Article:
Posted Sunday, May 4, 2008 10:15 AM | Contributed by Jeff
Officials in the amusement park industry ride a fine line when attracting guests. Entice too few season pass holders, and attendance could drop substantially. But bring in too many regulars, and guests no longer have a reason to stay for the day, making them far less likely to spend their money once they're at the park. This is the Catch-22 scenario Cedar Fair officials are grappling with in the aftermath of an acquisition.
Read more from The Sandusky Register.
This article does however illustrate my frustration with the execs at Cedar Fair. They went in and tried to do what they do at Cedar Point at all of the new parks regardless of what the market conditions were. It ain't a one-size-fits-all situation, which is something I thought they learned with Knott's, which is culturally quite different from the other parks.
It seems to me that if a park is getting 40% of its customers from repeat, season-pass visitors, then the answer isn't to make the season pass less attractive, the answer is to leverage those passes and take advantage of the fact that you've got customers who want to come back again and again and again. I think a lot of parks could learn some important lessons from Kennywood, which does not sell season passes, but which lives and dies on repeat visits from local customers. With that in mind, they aren't afraid to allow the park to change through the season (gasp! Imagine Cedar Point not offering the same experience every single day of the season!) through special events, their fall parade, and their Halloween event.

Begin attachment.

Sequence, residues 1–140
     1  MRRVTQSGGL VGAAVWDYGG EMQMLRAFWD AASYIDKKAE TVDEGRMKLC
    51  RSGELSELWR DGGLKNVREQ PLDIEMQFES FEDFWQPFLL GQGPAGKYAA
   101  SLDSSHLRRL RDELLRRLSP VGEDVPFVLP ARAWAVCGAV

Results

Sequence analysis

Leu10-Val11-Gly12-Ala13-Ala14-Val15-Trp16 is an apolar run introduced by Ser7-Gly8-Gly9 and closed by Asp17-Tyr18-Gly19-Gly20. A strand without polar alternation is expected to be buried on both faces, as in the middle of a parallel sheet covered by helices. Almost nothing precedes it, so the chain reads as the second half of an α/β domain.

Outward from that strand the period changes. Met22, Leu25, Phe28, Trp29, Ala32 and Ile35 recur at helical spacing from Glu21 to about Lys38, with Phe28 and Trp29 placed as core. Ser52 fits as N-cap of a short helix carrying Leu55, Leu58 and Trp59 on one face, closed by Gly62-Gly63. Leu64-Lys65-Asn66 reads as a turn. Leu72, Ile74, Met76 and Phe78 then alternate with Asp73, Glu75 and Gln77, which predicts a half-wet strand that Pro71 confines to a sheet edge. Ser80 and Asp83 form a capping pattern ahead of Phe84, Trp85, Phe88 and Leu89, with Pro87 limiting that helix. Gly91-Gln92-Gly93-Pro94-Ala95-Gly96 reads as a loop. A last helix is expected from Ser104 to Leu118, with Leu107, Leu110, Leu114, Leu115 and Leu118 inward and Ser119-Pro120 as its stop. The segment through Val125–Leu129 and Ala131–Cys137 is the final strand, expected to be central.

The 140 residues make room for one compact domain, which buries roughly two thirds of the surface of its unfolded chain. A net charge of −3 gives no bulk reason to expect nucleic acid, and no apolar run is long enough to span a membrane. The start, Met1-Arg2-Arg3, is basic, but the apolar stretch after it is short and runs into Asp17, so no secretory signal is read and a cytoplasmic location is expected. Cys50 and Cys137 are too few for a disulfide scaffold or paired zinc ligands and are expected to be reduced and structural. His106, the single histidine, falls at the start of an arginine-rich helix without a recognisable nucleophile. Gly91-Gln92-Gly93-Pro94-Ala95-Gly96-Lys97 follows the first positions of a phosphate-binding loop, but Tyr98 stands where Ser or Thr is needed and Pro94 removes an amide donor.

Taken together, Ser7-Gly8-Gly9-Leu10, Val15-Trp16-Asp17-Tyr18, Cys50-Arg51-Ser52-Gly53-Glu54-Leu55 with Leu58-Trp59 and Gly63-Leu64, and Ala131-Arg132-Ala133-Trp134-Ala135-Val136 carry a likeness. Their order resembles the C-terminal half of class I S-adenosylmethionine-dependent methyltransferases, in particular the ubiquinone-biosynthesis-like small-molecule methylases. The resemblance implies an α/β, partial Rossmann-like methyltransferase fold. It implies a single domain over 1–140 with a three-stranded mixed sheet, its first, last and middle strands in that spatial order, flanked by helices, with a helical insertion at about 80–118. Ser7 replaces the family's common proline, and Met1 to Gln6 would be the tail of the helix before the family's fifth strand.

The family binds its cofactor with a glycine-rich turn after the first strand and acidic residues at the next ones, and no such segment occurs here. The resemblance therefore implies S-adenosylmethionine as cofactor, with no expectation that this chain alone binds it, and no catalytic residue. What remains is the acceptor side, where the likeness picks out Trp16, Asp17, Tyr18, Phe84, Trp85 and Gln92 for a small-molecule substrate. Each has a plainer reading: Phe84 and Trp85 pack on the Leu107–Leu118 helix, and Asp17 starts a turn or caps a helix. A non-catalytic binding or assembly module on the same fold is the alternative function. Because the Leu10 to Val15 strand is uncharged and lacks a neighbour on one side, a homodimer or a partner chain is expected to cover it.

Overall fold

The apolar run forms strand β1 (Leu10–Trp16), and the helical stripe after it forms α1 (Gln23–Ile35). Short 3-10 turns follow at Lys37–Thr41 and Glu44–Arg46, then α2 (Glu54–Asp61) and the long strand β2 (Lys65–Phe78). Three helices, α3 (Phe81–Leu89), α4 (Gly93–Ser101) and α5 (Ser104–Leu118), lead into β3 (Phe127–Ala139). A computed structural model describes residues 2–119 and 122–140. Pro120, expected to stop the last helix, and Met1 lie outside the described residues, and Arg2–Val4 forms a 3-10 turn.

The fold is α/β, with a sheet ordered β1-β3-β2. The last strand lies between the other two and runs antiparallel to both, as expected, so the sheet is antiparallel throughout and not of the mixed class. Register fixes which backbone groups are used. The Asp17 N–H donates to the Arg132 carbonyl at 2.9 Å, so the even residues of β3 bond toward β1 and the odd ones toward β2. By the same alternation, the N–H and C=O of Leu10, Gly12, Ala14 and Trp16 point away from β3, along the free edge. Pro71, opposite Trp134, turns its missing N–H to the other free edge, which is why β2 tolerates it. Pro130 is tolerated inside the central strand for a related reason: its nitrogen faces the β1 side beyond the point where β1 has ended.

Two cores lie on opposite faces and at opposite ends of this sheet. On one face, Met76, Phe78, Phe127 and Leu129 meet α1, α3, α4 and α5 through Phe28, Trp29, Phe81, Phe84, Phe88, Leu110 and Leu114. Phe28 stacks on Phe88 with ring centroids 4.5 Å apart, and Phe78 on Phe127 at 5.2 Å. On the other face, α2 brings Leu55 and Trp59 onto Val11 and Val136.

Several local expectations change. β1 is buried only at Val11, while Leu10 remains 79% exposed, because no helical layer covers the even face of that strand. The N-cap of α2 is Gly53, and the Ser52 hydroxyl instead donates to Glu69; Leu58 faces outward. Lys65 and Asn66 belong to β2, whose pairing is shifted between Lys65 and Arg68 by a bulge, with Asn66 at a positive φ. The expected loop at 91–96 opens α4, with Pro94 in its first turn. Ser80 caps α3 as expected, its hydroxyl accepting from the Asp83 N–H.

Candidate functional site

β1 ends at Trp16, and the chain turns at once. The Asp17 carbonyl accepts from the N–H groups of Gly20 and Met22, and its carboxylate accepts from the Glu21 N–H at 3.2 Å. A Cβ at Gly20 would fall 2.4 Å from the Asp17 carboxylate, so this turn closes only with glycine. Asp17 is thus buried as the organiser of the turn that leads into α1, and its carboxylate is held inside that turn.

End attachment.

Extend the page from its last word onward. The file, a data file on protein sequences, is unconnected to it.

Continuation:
Okay, so let's say Kings Island has 40% season pass attendance on a 3M year. If each season pass gets uses on average four times per season, then that means they sold 300,000 season passes. That's 300,000 people who live close enough to the park that they plan to come more than once, and they are already predisposed to visit the park. The challenge is to give these people incentives to come to the park more often, to stay longer when they visit, and to spend more money when they visit. One of the complaints that the park has is that the season pass holders don't spend their money when they visit. Have they figured out why? Where is the season pass holder's money going? And instead of complaining about it, why can't the park figure out how to get a piece of it?
Why is it a good thing for the park to extract more coin out of a dwindling customer base, when they have this pool of customers who have money to spend, but aren't spending it in the park? Why not figure out why they aren't spending it in the park, and solve THAT problem? What limits the length of a season pass holder's visit, and what can the park do to extend that visit?
(Hint: As an experiment, try instituting a season-pass discount on food and drink. What happens to revenue from season pass holders if a pass holder can get a meal in the park for the same price as a meal down the road at a burger joint?)
--Dave Althoff, Jr.
I overwhelmingly agree. It's one thing to go in to a park like Geauga Lake and try to salvage what was once a steady earning park. It's another to go in to a 3 Million + attendance park like King's Island and try to screw with it. If it's working fine, why mess around? Are you that arrogant that you think that there's no possible way to run a business successfully other than your own? Did you learn nothing from Geauga Lake that your way is not necessarily always the best way?